Most Republicans on the Judiciary Committee say they get along with Durbin despite his progressive record. Even so, they complain about Jackson’s quick confirmation schedule and Durbin spurning document requests related to her tenure on the U.S. Sentencing Commission.
Sen. Ted Cruz (R-Texas), a pugnacious partisan himself, said he likes Durbin personally but lamented that it’s “disappointing just how partisan the Judiciary Committee has been under him.” As for the confirmation hearing, Cruz added: “The Democrats believe right now that they have the votes. I don’t know that he feels the need to keep a particularly tight rein on the hearing.”
Jackson’s confirmation will be the first time in 12 years that Senate Democrats have control over a Supreme Court confirmation, since Justice Elena Kagan under Obama. Since then, Republicans blocked Obama nominee Merrick Garland and confirmed the three Trump-era justices with simple majority votes, setting up a 6-3 conservative majority on the court.
Those stakes make it essential that neither Jackson nor Durbin stumble. Republicans argue that Jackson’s hearings will not be a repeat of the contentious sexual assault allegations that faced now-Justice Brett Kavanaugh during his confirmation, charges he vehemently denied. Some of Durbin’s Democrats are skeptical.
“The focus of this is to get her confirmed, and that’s the priority,” said Sen. Sheldon Whitehouse (D-R.I.), Durbin’s onetime rival for the Judiciary gavel. ”Not to have this devolve into a shouting match about Joe Biden’s toughness on crime.”
Grassley did offer one piece of advice for Durbin to keep committee Republicans in line: It can be easier to let chatty senators go over their allotted time during the hearings.
“Because you spend more time arguing with them, shutting them up,” the Iowan said, “than just letting them talk.”
Durbin and Biden stayed in close touch before the president tapped Jackson. But the senator never expressed a preference for a specific nominee, even though Biden encouraged Durbin and others to offer him names: “I thought it was best that he make the decision,” Durbin recalled.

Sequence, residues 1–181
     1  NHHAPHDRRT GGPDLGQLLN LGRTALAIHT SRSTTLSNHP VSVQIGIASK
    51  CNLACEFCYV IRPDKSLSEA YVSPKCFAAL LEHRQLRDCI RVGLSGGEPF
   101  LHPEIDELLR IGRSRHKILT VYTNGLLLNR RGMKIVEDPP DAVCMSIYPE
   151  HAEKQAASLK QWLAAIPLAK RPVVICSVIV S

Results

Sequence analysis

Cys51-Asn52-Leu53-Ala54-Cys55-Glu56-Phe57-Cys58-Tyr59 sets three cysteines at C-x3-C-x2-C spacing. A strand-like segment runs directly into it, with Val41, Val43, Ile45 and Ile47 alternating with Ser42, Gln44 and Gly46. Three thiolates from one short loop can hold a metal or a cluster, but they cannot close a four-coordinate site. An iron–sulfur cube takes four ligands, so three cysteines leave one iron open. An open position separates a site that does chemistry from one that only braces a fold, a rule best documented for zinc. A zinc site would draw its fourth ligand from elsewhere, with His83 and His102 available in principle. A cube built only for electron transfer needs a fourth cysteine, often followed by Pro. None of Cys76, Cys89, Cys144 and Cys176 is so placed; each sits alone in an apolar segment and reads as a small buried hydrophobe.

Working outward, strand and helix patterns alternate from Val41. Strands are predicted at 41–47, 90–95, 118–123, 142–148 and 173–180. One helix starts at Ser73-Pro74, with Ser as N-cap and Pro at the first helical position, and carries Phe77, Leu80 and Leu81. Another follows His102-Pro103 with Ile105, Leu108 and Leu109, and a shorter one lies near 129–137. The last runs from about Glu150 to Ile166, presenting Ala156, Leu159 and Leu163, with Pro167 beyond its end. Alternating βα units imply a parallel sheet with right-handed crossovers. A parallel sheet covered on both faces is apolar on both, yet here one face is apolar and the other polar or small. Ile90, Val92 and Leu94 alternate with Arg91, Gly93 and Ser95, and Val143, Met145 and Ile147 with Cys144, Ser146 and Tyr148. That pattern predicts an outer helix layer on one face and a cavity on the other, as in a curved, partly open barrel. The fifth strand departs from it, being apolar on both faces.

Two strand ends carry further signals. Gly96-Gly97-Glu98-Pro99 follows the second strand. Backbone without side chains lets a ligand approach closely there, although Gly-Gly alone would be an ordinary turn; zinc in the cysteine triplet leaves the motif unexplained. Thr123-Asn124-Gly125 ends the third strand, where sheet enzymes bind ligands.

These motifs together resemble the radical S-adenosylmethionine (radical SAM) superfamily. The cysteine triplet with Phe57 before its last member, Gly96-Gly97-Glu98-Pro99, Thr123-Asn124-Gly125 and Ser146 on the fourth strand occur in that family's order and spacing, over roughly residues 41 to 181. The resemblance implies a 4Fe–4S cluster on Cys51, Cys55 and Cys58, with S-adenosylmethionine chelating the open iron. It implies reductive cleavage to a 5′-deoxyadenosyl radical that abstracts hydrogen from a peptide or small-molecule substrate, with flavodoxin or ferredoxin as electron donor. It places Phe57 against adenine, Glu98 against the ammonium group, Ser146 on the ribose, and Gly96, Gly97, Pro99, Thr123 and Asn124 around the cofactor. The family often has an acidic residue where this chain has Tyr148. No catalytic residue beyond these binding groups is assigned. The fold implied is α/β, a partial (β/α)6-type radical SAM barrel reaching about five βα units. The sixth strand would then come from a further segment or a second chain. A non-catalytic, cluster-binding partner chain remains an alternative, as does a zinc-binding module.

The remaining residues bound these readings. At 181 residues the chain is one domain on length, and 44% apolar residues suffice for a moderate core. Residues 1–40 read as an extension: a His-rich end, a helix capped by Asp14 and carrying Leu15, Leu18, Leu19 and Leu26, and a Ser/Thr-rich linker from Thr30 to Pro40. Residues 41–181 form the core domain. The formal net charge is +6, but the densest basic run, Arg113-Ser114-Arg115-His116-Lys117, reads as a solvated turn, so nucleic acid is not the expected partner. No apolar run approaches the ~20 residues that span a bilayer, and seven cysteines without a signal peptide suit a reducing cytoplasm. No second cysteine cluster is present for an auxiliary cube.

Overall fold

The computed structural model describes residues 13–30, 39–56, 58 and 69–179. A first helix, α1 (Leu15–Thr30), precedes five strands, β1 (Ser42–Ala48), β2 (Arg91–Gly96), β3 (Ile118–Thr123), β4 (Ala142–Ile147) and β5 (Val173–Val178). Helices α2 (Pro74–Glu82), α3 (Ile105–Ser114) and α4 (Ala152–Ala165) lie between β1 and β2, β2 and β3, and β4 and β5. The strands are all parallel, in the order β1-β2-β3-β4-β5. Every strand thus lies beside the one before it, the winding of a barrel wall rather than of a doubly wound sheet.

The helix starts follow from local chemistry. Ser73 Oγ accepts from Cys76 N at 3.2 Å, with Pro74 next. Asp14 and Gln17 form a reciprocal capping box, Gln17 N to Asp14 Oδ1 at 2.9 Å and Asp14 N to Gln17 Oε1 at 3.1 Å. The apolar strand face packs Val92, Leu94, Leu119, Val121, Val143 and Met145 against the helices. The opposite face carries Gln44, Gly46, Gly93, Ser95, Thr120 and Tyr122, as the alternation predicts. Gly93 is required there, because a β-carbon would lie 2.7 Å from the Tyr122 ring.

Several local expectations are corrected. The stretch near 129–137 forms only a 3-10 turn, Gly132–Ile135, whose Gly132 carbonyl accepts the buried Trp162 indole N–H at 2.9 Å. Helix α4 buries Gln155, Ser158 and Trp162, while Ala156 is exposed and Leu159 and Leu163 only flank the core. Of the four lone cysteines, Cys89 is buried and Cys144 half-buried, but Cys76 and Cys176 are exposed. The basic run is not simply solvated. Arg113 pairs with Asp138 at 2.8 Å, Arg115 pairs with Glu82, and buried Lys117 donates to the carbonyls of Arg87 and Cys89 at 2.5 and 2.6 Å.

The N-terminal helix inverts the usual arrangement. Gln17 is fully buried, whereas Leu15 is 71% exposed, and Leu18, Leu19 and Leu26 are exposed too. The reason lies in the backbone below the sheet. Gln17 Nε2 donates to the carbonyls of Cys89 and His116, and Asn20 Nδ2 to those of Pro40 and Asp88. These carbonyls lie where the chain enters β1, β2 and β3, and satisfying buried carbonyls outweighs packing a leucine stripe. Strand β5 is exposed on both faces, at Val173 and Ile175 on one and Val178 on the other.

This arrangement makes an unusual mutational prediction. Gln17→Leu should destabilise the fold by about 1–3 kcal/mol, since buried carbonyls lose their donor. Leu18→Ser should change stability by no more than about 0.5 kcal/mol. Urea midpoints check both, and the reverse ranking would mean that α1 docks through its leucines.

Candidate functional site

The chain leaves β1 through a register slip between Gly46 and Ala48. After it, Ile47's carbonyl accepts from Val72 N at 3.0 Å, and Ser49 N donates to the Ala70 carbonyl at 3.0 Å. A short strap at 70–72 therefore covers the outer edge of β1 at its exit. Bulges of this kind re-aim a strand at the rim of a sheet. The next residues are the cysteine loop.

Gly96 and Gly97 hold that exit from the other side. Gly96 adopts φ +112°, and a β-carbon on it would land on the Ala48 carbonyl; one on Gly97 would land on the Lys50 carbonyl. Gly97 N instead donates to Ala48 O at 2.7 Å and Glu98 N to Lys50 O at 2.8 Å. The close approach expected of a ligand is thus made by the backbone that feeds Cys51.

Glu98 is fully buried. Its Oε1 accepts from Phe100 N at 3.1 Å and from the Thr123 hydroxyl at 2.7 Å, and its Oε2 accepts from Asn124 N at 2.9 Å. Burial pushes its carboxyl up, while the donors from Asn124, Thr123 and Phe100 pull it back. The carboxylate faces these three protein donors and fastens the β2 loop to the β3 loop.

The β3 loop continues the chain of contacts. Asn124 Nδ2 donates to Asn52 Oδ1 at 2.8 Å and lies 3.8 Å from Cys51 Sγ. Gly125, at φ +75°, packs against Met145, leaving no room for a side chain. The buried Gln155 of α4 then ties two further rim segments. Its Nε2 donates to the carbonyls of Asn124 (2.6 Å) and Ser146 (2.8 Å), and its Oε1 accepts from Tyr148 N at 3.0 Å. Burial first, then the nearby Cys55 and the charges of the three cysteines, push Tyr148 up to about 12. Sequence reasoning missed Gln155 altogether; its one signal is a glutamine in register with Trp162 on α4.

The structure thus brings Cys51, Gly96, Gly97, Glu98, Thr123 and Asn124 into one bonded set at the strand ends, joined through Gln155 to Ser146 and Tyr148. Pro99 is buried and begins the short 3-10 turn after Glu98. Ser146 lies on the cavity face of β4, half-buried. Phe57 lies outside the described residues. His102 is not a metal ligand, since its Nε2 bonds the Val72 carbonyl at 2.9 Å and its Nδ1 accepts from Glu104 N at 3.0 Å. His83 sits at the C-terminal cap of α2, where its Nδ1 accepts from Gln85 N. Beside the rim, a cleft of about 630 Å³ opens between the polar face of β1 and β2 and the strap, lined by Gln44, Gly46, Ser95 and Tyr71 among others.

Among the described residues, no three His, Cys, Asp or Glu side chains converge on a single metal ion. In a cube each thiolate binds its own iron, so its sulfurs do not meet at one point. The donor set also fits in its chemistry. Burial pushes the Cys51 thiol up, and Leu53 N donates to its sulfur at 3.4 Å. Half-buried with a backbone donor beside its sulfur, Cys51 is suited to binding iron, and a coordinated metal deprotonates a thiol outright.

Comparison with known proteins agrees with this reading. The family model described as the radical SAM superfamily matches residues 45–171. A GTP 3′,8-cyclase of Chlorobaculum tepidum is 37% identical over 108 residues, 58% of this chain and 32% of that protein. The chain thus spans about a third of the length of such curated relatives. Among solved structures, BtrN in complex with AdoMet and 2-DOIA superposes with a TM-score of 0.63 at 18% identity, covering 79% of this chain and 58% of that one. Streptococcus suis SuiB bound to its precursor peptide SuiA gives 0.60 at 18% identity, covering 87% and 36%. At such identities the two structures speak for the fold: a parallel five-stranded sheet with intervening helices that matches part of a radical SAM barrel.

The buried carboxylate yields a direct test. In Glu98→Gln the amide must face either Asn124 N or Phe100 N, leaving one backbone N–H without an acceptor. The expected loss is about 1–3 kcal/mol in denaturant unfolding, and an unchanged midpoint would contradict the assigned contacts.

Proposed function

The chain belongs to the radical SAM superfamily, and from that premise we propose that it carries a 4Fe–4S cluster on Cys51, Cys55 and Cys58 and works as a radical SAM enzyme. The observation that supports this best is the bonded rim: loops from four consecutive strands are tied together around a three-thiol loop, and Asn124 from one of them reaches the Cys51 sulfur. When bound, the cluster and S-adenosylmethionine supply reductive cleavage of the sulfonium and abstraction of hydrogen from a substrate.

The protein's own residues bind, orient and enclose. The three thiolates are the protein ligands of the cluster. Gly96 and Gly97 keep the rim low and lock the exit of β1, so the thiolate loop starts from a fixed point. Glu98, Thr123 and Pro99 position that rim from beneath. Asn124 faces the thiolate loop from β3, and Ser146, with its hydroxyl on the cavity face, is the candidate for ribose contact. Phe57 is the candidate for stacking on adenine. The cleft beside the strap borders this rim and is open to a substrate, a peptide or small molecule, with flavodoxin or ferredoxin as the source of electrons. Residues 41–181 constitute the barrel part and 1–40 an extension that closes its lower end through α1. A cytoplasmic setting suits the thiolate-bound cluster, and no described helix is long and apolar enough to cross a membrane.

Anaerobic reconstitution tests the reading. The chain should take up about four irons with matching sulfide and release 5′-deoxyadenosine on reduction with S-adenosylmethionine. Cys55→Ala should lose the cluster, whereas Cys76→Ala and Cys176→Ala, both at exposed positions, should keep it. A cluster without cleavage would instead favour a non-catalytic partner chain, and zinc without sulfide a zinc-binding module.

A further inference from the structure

He won’t concede the coming days may be the pinnacle of his career, in part because he still holds out longshot hopes for immigration reform. He sought to include provisions to protect young immigrants, known as Dreamers, in Democrats’ now-defunct social spending and climate bill, only to see any path to legal status rejected three times by the Senate parliamentarian.
Just as he’s hopeful Jackson can attract Republican votes, he’s now engaging with Cornyn and Sen. Thom Tillis (R-N.C.) to see if he can get an immigration deal.
When it comes to immigration, Durbin said, “I don’t want to hear the word reconciliation,” referring to the budgetary rules that can allow for the Senate to sidestep a filibuster. “That holds up false hope. … The question is: is there anything we can do on the subject of immigration that can win 60 votes in the Senate? We’re going to test that.”
Yet Jackson’s confirmation may be his best chance at a highlight-reel victory for the foreseeable future.
“It’s almost a culmination,” said Sen. Tammy Duckworth (D-Ill.), who counts Durbin as a mentor, citing his recruitment of his then-junior Sen. Obama as a future president. “And now he’s going to put the first Black woman on the Supreme Court.”